Sushant Singh Rajput apparently had everything: wealth, fame, talents, intellect, and a noble heart. The ingredients for a happy and contented life were complete. What went wrong then?
We don’t know yet. Like a lot of other people, I’m left wondering why a man of Rajput’s stature should have put a wretched end to his life? He was doing well not only for himself but also for the world and there was so much more that he could contribute.
He was generous to a fault. He contributed generously when disasters struck. He helped Kerala with a contribution of no less than one crore rupees during the 2018 floods. In the same year, he donated Rs 1.25 crore to the Nagaland Chief Minister’s Relief Fund, again to help flood victims there. He went out of his way to help women-led start-ups and children’s education. In short, he wanted to create a better world. He had great dreams.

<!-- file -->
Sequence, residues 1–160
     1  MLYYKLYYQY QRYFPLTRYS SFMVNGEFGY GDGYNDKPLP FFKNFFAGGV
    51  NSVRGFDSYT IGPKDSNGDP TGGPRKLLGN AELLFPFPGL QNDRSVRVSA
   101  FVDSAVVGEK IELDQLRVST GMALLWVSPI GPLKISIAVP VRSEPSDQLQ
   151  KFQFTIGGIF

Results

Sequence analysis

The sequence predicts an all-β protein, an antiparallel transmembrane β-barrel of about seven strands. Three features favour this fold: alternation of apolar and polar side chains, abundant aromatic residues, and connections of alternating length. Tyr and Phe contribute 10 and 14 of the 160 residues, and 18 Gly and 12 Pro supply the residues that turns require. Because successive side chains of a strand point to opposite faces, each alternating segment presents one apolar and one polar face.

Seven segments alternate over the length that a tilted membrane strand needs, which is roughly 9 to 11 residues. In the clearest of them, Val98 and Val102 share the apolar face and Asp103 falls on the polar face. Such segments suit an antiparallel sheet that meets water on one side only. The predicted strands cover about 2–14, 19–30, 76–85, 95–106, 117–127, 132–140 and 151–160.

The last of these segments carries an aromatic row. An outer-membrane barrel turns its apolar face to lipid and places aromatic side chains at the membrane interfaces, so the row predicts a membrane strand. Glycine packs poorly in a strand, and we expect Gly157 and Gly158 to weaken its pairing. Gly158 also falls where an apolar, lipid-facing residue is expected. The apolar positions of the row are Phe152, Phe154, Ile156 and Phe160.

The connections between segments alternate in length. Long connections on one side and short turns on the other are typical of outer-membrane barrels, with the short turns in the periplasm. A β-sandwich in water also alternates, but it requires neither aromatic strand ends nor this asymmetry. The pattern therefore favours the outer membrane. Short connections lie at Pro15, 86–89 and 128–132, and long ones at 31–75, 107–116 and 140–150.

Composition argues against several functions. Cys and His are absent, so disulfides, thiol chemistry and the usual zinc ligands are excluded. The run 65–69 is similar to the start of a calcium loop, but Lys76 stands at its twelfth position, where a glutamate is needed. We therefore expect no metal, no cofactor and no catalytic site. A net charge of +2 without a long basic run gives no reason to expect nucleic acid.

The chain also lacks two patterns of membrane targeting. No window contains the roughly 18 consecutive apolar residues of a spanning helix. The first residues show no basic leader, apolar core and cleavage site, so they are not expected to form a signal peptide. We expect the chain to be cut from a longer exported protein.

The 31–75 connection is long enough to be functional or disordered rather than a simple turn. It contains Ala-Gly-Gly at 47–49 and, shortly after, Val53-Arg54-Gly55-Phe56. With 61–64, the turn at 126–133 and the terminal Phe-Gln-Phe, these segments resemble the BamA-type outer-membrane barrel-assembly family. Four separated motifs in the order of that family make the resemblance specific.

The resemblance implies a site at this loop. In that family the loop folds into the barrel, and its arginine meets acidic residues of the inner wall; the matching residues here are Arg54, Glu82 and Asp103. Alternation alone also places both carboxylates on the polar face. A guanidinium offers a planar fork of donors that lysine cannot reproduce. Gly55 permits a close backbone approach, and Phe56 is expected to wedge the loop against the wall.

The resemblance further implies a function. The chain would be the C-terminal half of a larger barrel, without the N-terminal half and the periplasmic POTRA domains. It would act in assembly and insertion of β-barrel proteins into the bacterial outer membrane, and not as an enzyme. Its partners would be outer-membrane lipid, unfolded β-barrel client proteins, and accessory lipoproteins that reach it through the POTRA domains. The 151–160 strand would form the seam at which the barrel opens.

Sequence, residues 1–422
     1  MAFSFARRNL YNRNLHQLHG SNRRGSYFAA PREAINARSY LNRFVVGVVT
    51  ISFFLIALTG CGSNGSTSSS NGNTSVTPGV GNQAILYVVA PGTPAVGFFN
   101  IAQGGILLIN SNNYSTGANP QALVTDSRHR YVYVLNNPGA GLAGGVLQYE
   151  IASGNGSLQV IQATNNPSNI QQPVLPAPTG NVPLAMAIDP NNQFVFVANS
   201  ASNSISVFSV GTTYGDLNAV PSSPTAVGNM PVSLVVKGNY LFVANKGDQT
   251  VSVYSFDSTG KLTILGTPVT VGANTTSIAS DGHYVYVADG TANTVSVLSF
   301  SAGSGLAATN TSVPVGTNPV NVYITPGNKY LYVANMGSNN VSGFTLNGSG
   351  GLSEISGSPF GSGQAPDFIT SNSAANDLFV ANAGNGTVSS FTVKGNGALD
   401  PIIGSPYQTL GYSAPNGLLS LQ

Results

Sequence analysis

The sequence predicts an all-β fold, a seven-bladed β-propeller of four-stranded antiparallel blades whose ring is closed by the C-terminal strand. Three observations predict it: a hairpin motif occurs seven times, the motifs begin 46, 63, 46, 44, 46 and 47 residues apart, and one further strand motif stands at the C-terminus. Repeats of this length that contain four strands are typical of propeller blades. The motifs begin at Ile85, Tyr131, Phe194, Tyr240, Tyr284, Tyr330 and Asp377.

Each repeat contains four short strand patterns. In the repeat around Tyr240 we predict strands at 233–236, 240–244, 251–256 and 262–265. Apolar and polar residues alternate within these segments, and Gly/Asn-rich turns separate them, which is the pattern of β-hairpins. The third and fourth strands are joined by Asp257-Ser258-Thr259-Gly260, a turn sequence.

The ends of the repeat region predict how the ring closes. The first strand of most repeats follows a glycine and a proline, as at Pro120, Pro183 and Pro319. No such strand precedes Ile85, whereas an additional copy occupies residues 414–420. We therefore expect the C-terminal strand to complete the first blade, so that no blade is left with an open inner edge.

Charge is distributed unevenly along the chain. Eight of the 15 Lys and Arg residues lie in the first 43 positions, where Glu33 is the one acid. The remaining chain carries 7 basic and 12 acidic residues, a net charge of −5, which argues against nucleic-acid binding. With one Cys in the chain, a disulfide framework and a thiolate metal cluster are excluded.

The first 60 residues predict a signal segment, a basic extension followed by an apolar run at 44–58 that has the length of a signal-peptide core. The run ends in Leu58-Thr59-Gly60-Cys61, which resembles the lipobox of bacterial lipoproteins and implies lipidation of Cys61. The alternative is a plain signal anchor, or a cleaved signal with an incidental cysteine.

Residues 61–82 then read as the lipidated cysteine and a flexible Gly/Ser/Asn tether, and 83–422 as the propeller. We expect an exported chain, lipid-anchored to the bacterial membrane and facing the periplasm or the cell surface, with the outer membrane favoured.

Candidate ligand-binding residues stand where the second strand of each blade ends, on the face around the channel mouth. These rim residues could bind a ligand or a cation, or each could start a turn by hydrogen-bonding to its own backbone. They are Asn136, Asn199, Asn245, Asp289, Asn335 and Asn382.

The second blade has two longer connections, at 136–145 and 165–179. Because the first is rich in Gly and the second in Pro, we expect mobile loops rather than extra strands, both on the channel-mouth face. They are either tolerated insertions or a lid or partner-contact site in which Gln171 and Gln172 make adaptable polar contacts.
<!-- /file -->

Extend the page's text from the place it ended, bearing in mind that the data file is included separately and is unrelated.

What a noble soul!
Did that nobility kill him? This is my conjecture. I don’t know why he chose to end his life this way.
Was he too good for this world? This is a question that refuses to leave me.
Life is essentially a tragedy though we make it look like comedy. Comedification is our success. We cope with the ineluctable miseries of life by pretending that they are comic. Jealousy and greed, sheer insensitivity, piggybacking on others’ successes, poaching on the one-cent land of the other when you have a thousand acres already… Add to all that the insanities perpetrated in the name of patriotism, gods, culture, and what not.
Is it comedy or tragedy?
I don’t know whether Rajput was caught between the horns of that dilemma. There are times when death lured me because I was caught in that ugly middle position. But I survived each time because I accepted the essential insanity of human existence. I accepted my own insanity too.
I didn’t pretend that life was a hilarious comedy. I wept in the darkness of my solitude when I couldn’t bear the pain of life anymore. I didn’t go out of my way to hide what I get up to in the middle of the night, in my anxious moments, when perplexity hit me hard in the solar plexus.
I wish life were kinder to Rajput. And a lot of others. It is good to see stars shining rather than blinking out prematurely.